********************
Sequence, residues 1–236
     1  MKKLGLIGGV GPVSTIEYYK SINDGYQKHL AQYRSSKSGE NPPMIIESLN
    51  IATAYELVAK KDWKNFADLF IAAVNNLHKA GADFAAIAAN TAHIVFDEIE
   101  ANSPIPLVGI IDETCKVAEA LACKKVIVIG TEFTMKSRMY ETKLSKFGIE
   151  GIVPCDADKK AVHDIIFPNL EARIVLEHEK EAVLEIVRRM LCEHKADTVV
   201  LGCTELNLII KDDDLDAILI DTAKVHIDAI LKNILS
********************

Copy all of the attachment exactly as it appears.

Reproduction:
Sequence, residues 1–236
     1  MKKLGLIGGV GPVSTIEYYK SINDGYQKHL AQYRSSKSGE NPPMIIESLN
    51  IATAYELVAK KDWKNFADLF IAAVNNLHKA GADFAAIAAN TAHIVFDEIE
   101  ANSPIPLVGI IDETCKVAEA LACKKVIVIG TEFTMKSRMY ETKLSKFGIE
   151  GIVPCDADKK AVHDIIFPNL EARIVLEHEK EAVLEIVRRM LCEHKADTVV
   201  LGCTELNLII KDDDLDAILI DTAKVHIDAI LKNILS